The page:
By Matt Murphy, Gintautas Dumcius and Andy Metzger
State House News Service
BOSTON -- The Massachusetts Senate on Thursday voted overwhelmingly in favor of a bill that would raise the state's minimum wage to a nation-leading $11 an hour by 2017 in a move that Democratic leaders said they feel confident will be enough to avoid a costly ballot campaign this fall for higher wages.
The Senate voted 35-4 to pass legislation that would gradually increase the minimum wage in three steps from its current perch at $8 an hour to $11 an hour in 2017, with $1 increases taking effect on the first day of each of the next three years starting on Jan. 1, 2015.
While supporters touted the need to help lift minimum wage workers out of poverty and stimulate the economy, some small business groups warned the effort would cost jobs and drive some small employers out of business.
"If you're payroll is going up, you're taxes are going up," said Jon Hurst, president of the Retailers Association of Massachusetts. Hurst said the bill, which also overhauls the state's unemployment insurance system, reflects the clout of unions in Massachusetts.
Senate President Therese Murray, before the vote, said she believed the bill would be sufficient for ballot organizers to drop their proposed referendum to raise the minimum wage to $10.50 by 2016 and link future increases to inflation. Though the Senate initially supported indexing wages to inflation, the measure was dropped in a compromise with the House.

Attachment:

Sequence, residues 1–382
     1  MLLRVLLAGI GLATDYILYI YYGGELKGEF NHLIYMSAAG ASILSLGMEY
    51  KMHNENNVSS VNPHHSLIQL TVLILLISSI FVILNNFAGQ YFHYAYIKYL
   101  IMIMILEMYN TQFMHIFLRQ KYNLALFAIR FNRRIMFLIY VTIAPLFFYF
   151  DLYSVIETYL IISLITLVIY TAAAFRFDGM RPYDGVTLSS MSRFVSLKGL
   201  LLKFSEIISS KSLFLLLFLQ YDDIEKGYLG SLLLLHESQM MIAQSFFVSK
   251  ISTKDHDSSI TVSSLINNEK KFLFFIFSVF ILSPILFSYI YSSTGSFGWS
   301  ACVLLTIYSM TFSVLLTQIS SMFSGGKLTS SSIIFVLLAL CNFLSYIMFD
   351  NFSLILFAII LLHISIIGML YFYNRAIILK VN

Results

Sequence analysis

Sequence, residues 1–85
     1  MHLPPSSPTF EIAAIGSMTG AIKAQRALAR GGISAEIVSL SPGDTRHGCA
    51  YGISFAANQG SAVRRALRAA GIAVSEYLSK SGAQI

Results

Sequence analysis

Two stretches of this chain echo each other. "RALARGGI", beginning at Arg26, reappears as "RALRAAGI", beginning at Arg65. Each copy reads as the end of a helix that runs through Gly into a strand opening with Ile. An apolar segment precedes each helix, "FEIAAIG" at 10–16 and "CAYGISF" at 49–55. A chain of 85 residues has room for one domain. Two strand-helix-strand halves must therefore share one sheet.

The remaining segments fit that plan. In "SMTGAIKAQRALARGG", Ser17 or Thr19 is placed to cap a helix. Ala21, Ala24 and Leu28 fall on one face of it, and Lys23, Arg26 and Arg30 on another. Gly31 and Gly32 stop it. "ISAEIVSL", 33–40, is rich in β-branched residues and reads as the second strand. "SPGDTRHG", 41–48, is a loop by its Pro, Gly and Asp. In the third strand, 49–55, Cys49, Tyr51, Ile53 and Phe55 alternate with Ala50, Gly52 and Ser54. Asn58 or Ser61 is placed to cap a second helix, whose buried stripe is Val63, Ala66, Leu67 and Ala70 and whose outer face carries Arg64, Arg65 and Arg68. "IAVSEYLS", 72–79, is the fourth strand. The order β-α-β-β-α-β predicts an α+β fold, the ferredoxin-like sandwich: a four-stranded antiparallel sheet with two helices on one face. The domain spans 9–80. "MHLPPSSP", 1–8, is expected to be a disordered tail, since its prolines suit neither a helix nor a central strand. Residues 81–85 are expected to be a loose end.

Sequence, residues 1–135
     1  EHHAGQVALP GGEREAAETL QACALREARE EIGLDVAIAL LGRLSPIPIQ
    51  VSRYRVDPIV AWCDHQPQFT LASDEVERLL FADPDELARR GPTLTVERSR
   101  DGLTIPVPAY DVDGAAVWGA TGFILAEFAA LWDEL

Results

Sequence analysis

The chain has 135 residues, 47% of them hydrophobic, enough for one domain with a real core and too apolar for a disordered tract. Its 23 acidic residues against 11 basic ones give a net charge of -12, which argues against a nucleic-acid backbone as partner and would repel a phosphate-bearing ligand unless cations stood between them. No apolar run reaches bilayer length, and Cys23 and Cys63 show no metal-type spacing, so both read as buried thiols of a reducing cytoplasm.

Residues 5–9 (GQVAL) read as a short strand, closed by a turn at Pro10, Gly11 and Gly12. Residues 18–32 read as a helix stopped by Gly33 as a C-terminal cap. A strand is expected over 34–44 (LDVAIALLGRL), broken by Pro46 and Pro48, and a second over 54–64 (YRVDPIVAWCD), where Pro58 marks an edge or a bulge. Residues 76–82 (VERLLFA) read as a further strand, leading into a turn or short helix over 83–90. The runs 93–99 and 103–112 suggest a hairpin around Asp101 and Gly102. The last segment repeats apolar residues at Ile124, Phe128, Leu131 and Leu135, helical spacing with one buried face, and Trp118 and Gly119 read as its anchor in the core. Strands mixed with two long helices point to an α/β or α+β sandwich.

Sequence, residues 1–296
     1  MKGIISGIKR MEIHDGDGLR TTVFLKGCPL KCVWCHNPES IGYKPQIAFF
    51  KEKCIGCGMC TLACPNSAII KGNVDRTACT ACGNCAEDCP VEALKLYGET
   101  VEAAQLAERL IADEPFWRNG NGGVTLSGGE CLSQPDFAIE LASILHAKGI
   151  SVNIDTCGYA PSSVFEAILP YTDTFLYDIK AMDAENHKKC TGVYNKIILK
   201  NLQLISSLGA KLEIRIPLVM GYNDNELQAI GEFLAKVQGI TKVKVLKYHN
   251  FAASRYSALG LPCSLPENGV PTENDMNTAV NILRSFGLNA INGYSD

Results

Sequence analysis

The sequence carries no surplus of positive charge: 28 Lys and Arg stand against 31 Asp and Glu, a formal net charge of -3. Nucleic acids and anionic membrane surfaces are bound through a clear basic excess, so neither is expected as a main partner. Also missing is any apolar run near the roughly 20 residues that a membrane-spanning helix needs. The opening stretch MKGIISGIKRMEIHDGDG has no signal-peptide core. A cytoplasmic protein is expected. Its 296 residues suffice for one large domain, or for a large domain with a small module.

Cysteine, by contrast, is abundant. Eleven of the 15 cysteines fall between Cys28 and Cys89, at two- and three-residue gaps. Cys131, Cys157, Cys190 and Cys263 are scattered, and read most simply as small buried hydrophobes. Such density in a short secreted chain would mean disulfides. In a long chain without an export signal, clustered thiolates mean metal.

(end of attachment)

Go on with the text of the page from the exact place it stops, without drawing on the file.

Asked whether she had been given any assurances from ballot petition leaders, Murray said, "We have gotten some feedback that if this is passed today and the House passes it and we get it timely to the governor's desk and he signs it, that the ballot question will not go forward."
During floor remarks, Sen. Dan Wolf (D-Harwich) referred to the minimum wage increase as important "from a moral perspective," as well as functioning as an economic stimulus. Minimum wage earners will see an increase of $6,000, and they will spend it in small businesses and restaurants, he said. Wolf sat on the conference committee that negotiated the final bill with the House.
The hike in the minimum wage will also decrease the number of people on government assistance rolls, Wolf said.